Murphy, N. et al. p16INK4A, CDC6, and MCM5: predictive biomarkers in cervical preinvasive neoplasia and cervical cancer. J. Clin. Pathol. 58, 525-534

Trinity College Dublin, Dublin, Leinster, Ireland
Journal of Clinical Pathology (Impact Factor: 2.92). 06/2005; 58(5):525-34. DOI: 10.1136/jcp.2004.018895
Source: PubMed


To analyse and compare expression patterns of three potential biomarkers-p16(INK4A), CDC6, and MCM5-and evaluate their use as predictive biomarkers in squamous and glandular cervical preinvasive neoplasia.
Immunocytochemical analysis of p16(INK4A), MCM5, and CDC6 expression was performed on 20 normal, 38 cervical intraepithelial neoplasia 1 (CIN1), 33 CIN2, 46 CIN3, 10 squamous cell carcinoma, 19 cervical glandular intraepithelial neoplasia (cGIN), and 10 adenocarcinoma samples. Staining intensity was assessed using a 0-3 scoring system. p16(INK4A), MCM5, and CDC6 expression was also examined in ThinPrep slides exhibiting mild, moderate, and severe dyskaryosis. Human papillomavirus (HPV) was detected using a modified SYBR green assay. Fluorogenic polymerase chain reaction (PCR) and solution phase PCR were used for specific HPV typing.
All three markers showed a linear correlation between expression and grade of dysplasia. p16(INK4A) and MCM5 protein expression was upregulated in all grades of squamous and glandular dysplasia. CDC6 protein was preferentially expressed in high grade lesions and in invasive squamous cell carcinoma.
p16(INK4A) expression was closely associated with high risk HPV infection-all grades of squamous and glandular cervical lesions were immunohistochemically positive. MCM5 staining intensity was independent of high risk HPV infection, highlighting its potential as a biomarker in both HPV dependent and independent cervical dysplasia. CDC6 may be a biomarker of high grade and invasive lesions of the cervix, with limited use in low grade dysplasia. p16(INK4A) was the most reliable marker of cervical dysplasia. Combinations of dysplastic biomarkers may be useful in difficult diagnostic cases.

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    • "One of these strongly related to transforming HPV infection would be p16. Overexpression of p16 seems to increase with increasing degree of cervical lesion [28, 29]. A meta-analysis on p16 immunostaining on cytological and histological cervical specimens estimated that 2% of normal tissues and 38% of CIN1 showed diffuse staining, compared with 68% of CIN2 and 82% of CIN3 [30]. "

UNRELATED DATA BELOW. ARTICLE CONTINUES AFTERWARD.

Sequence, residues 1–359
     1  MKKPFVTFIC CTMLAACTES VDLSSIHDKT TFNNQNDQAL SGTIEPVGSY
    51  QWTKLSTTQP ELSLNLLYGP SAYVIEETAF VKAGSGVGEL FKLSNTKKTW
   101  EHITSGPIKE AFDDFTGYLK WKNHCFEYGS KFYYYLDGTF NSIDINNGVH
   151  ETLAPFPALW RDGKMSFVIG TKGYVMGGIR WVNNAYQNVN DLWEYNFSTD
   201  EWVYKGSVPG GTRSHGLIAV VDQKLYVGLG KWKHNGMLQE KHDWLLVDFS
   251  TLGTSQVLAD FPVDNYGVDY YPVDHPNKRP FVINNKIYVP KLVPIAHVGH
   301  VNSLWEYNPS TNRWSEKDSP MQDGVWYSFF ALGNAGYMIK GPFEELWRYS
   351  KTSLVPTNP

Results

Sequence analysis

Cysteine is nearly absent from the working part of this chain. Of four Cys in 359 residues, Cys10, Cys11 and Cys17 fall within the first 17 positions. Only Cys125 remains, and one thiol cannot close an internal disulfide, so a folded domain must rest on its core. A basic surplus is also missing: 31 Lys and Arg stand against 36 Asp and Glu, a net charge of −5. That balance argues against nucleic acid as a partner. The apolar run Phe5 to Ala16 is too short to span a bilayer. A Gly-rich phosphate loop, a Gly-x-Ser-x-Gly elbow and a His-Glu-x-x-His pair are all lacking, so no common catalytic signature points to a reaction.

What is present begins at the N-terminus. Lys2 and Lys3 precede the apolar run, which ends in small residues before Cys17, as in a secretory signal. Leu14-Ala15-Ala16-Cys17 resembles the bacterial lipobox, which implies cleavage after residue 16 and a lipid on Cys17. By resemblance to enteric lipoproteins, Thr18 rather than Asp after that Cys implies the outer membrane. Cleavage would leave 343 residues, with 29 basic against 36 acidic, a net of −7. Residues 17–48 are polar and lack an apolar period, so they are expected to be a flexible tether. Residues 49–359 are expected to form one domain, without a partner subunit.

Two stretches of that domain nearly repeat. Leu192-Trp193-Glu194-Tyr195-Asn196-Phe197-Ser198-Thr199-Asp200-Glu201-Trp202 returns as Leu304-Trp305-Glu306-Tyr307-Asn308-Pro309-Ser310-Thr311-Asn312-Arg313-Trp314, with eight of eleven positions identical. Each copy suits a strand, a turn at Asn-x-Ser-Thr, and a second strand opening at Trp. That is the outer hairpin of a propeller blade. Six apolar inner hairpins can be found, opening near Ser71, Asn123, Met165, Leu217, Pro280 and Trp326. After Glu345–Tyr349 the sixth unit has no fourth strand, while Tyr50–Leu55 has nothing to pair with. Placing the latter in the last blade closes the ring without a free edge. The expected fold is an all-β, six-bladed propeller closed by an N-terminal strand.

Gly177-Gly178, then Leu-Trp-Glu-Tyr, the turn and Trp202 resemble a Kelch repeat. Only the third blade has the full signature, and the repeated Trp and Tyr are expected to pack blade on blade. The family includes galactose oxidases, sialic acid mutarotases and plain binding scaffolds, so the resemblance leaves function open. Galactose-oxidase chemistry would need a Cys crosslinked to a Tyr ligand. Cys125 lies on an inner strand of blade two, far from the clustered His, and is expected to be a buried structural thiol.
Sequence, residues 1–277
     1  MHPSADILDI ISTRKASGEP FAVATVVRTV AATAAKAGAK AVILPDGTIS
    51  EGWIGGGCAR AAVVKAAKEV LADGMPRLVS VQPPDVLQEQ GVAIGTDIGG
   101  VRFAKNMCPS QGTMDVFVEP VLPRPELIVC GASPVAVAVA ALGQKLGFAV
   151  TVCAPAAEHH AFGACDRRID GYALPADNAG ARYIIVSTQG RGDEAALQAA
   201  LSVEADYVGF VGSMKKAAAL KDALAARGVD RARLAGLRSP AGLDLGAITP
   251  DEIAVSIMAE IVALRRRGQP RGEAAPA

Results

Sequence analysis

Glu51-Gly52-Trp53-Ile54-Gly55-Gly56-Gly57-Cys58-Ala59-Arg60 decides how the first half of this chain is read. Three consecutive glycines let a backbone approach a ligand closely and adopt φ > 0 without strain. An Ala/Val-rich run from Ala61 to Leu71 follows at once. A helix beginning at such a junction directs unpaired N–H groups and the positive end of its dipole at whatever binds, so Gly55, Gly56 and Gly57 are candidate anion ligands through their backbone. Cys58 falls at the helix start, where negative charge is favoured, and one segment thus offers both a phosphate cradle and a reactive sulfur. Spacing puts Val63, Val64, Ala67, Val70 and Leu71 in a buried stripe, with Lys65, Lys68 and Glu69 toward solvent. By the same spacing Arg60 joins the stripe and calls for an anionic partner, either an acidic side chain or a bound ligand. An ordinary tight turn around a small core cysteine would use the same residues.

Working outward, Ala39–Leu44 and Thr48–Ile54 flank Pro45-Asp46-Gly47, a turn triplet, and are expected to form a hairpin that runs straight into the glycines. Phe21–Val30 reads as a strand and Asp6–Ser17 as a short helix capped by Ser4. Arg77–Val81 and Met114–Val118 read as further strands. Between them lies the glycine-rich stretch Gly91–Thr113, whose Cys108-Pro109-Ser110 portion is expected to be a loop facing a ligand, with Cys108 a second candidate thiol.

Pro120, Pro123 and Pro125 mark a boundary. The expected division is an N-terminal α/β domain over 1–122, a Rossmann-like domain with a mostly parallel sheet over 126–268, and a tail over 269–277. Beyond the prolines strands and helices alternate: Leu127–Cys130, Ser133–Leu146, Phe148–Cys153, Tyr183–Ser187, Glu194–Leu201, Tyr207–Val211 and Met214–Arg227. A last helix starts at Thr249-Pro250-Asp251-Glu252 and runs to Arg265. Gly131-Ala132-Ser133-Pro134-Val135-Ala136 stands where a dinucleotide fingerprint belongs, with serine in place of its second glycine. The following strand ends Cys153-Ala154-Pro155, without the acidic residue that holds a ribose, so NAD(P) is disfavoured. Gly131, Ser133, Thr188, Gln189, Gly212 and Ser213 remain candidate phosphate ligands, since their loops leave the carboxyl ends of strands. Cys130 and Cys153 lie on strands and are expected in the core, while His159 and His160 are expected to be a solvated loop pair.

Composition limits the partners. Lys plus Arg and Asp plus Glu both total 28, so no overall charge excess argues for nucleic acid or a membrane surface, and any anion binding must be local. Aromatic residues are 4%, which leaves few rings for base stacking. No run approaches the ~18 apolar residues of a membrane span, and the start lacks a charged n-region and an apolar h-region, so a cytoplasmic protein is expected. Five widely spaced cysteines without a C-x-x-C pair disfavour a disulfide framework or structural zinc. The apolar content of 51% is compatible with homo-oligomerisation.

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    ABSTRACT: Although HPV-DNA test and E6/E7 mRNA analyses remain the current standard for the confirmation of human papillomavirus (HPV) infections in cytological specimens, no universally adopted techniques exist for the detection of HPV in formalin-fixed paraffin-embedded samples. Particularly, in routine laboratories, molecular assays are still time-consuming and would require a high level of expertise. In this study, we investigated the possible use of a novel HPV tyramide-based chromogenic in situ hybridization (CISH) technology to locate HPV on tissue specimens. Then, we evaluate the potential usefulness of p16(INK4a)/Ki-67 double stain on histological samples, to identify cervical cells expressing HPV E6/E7 oncogenes. In our series, CISH showed a clear signal in 95.2% of the specimens and reached a sensitivity of 86.5%. CISH positivity always matched with HPV-DNA positivity, while 100% of cases with punctated signal joined with cervical intraepithelial neoplasia grade 2 or worse (CIN2+). p16/Ki67 immunohistochemistry gave an interpretable result in 100% of the cases. The use of dual stain significantly increased the agreement between pathologists, which reached 100%. Concordance between dual stain and E6/E7 mRNA test was 89%. In our series, both CISH and p16(INK4a)/Ki67 dual stain demonstrated high grade of performances. In particular, CISH would help to distinguish episomal from integrated HPV, in order to allow conclusions regarding the prognosis of the lesion, while p16(INK4a)/Ki67 dual stain approach would confer a high level of standardization to the diagnostic procedure.